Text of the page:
- The Washington Times - Monday, January 8, 2001

President Clinton, with 12 more days in office, is considering additional pardons, prompting some FBI agents and other law enforcement authorities to renew their opposition to any clemency order for Leonard Peltier, convicted of murdering two agents in 1975.

Mr. Clinton, who pardoned 59 persons Dec. 22, including former House Ways and Means Committee Chairman Dan Rostenkowski, a one-time Washington powerhouse who pleaded guilty to two counts of mail fraud in a corruption scandal, is reviewing clemency requests pending in the White House Counsel's Office.

"I would not expect anything until towards the end," White House spokesman Jake Siewert said Friday. "He's asked to review some more. Counsel's office is looking at them, and I think they'll probably present a package to him at some point."

John Sennett, president of the FBI Agent's Association, said he hoped Mr. Clinton would consider the facts in the Peltier case before making any decision.

"We can only hope the president has been impressed at what a bitter disappointment this would be," he said. "We still have faith that he understands the significance of law enforcement officers making the ultimate sacrifice."

Mr. Clinton's 59 pardons last month went mainly to people convicted on drug crimes, tax-evasion and fraud charges, including a longtime Arkansas friend, Archie Schaffer III, a Tyson Foods Inc. executive who was implicated in the probe of former Agriculture Secretary Mike Espy.

He did not address such high-profile cases as Peltier; former junk-bond king Michael Milken; Susan McDougal, a partner of Mr. Clinton's in the Whitewater real estate venture; and Israeli spy Jonathan Jay Pollard, a former civilian analyst for the U.S. Navy convicted of espionage in 1985.

The FBI has vigorously opposed Peltier's release, along with that of Pollard. The Justice Department's criminal division and the CIA also have announced their opposition to Pollard's release, and Secretary of State Madeleine K. Albright told Mr. Clinton there is no compelling reason to release the convicted spy.

Last month, hundreds of FBI agents staged an unprecedented, somber protest outside the White House, calling on Mr. Clinton to deny clemency for Peltier. About 500 former and current agents, other law enforcement officials, FBI workers and friends silently marched two-by-two around the White House to deliver a petition of 9,500 signatures opposing Peltier's clemency request.

They said the American Indian Movement leader "executed two FBI agents lying on the ground" who posed no threat to him and, as a result, he was not deserving of a pardon. Some of the marchers wore blue ribbons or badges bearing the names of the two agents and "1975." Three agents at the front of the march held a banner that read: "Never forget."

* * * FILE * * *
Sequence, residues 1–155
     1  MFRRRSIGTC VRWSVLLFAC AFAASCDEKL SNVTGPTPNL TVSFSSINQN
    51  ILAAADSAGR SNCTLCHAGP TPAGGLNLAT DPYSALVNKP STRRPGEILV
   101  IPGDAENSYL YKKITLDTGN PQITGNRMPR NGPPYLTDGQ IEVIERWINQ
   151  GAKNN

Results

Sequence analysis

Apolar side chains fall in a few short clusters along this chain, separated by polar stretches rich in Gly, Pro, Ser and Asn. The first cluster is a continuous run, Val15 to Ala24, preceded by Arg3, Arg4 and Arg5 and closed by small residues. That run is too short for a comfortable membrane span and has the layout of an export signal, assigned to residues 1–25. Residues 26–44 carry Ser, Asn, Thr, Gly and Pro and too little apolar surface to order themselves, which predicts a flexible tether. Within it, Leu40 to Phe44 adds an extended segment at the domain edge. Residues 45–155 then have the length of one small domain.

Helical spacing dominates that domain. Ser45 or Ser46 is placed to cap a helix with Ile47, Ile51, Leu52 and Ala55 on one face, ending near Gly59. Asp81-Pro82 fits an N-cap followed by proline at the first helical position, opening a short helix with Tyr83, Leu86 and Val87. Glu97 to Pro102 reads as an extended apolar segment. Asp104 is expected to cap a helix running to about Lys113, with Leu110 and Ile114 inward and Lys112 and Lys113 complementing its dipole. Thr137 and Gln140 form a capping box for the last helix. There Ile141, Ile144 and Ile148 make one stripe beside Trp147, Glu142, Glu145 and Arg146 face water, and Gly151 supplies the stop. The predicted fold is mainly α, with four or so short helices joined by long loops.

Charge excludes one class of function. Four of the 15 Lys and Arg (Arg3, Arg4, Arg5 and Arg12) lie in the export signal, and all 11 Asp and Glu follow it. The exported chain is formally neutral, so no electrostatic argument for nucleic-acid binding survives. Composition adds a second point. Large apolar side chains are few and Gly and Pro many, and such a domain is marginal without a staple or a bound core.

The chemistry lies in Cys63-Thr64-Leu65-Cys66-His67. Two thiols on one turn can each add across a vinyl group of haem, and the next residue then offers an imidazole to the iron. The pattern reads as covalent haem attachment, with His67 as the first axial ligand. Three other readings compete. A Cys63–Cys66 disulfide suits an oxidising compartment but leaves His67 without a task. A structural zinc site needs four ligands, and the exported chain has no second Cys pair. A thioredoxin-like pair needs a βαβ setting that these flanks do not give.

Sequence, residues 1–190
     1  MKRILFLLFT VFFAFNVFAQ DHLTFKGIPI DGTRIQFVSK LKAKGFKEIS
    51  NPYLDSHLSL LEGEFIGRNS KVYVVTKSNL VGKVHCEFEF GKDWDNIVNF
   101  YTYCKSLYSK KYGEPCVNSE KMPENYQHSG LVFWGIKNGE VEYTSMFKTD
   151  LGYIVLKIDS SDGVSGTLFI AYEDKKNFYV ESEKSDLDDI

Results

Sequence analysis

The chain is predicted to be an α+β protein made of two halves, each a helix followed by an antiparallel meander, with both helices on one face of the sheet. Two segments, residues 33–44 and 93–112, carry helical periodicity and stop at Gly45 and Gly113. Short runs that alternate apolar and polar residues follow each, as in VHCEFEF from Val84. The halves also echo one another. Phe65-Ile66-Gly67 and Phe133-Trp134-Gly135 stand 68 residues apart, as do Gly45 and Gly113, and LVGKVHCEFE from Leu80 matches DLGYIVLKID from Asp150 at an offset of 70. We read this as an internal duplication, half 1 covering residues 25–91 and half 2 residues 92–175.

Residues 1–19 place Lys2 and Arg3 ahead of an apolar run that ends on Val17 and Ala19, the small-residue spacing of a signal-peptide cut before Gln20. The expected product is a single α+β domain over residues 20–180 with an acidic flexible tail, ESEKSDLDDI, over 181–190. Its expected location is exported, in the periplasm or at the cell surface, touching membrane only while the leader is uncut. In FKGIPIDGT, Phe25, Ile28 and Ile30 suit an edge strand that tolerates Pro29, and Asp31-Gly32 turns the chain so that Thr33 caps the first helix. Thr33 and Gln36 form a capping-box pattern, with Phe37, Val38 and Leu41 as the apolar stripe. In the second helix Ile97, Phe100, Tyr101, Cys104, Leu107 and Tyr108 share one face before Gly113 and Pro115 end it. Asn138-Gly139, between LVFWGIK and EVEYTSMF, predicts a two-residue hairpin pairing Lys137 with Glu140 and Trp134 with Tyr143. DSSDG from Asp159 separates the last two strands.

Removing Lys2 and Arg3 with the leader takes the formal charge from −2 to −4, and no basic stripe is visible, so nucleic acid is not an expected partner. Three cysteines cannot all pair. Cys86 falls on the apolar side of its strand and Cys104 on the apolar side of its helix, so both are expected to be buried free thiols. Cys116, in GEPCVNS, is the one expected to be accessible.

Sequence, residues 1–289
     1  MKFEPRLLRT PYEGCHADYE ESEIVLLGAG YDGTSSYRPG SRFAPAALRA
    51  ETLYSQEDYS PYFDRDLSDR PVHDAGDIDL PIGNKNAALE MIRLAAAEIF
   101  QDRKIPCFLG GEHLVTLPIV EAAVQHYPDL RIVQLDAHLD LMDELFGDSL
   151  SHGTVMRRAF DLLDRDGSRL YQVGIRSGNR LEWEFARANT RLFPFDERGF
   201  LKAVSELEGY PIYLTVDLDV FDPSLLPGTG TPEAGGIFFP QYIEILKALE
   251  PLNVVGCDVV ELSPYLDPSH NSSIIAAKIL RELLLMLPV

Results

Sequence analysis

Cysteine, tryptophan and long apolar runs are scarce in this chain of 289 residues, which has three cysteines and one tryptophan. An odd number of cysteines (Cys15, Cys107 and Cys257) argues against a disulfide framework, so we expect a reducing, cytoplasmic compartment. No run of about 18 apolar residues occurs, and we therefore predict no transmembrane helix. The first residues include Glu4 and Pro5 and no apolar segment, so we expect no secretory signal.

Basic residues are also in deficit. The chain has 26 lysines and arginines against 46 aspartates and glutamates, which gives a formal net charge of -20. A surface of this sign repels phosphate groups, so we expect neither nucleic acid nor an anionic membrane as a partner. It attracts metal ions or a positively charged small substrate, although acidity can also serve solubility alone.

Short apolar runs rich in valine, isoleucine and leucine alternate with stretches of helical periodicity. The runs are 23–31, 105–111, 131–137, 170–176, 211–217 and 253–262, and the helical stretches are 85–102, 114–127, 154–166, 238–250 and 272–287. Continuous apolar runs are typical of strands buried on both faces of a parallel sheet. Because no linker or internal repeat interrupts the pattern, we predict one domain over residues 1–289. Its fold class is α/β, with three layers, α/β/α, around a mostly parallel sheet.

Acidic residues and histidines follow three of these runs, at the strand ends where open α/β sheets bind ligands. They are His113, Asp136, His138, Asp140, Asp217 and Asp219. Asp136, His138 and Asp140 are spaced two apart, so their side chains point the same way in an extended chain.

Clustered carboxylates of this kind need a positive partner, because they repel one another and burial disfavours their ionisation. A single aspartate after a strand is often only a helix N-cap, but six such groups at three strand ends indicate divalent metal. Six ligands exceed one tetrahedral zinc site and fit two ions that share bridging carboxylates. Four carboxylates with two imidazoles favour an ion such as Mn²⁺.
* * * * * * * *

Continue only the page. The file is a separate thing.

Mr. Clinton promised during a Nov. 8 radio interview to consider both sides of the Peltier case.

Peltier, eligible for parole in 2009, is serving two consecutive life terms at the federal penitentiary in Leavenworth, Kan., for the murders of Agents Jack R. Coler, 28, and Ronald A. Williams, 27. He was sentenced June 2, 1977, in Fargo, N.D., two years after the killings at South Dakota's Pine Ridge Indian Reservation, near Wounded Knee.

The killings occurred June 26, 1975, after Peltier's vehicle was stopped by the agents, who were looking for a suspect in a kidnapping and assault. According to court records, Peltier fled the vehicle with two other men and began shooting at the agents with semiautomatic rifles. Agents Coler and Williams were immediately wounded.

Crime-scene experts said the agents fired five shots before being hit, compared with 125 bullet holes in their car. Prosecutors said Peltier and two others fired three shots at pointblank range, hitting Agent Williams in the face as he knelt and Agent Coler, who was unconscious, twice in the head.

The Leonard Peltier Defense Committee has the support of the Hollywood community, including several big donors to the Democratic Party. The clemency effort is being led by such celebrities as Willie Nelson, Kris Kristofferson, Robin Williams and Robert Redford.

The committee, which contends the FBI withheld evidence and coerced witnesses, has said it received positive reaction from both Mr. Clinton and Vice President Al Gore concerning a possible pardon. The committee has sent petitions with more than 500,000 names to the White House in support of the convicted murderer.


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